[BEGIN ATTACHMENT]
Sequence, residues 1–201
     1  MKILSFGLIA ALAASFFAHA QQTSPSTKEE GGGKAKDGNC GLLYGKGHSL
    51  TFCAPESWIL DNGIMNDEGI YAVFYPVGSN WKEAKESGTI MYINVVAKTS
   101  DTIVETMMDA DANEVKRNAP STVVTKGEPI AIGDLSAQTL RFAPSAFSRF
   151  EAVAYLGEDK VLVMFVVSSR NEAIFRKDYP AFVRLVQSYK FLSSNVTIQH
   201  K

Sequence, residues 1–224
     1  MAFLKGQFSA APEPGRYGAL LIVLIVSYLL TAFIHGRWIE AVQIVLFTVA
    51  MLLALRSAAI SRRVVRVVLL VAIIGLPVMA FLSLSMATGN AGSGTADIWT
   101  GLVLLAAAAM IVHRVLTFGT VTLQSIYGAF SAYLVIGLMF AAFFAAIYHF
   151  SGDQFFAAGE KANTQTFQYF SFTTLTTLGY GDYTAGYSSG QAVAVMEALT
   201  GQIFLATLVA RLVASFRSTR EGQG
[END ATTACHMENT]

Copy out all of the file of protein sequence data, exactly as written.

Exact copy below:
Sequence, residues 1–201
     1  MKILSFGLIA ALAASFFAHA QQTSPSTKEE GGGKAKDGNC GLLYGKGHSL
    51  TFCAPESWIL DNGIMNDEGI YAVFYPVGSN WKEAKESGTI MYINVVAKTS
   101  DTIVETMMDA DANEVKRNAP STVVTKGEPI AIGDLSAQTL RFAPSAFSRF
   151  EAVAYLGEDK VLVMFVVSSR NEAIFRKDYP AFVRLVQSYK FLSSNVTIQH
   201  K

Sequence, residues 1–224
     1  MAFLKGQFSA APEPGRYGAL LIVLIVSYLL TAFIHGRWIE AVQIVLFTVA
    51  MLLALRSAAI SRRVVRVVLL VAIIGLPVMA FLSLSMATGN AGSGTADIWT
   101  GLVLLAAAAM IVHRVLTFGT VTLQSIYGAF SAYLVIGLMF AAFFAAIYHF
   151  SGDQFFAAGE KANTQTFQYF SFTTLTTLGY GDYTAGYSSG QAVAVMEALT
   201  GQIFLATLVA RLVASFRSTR EGQG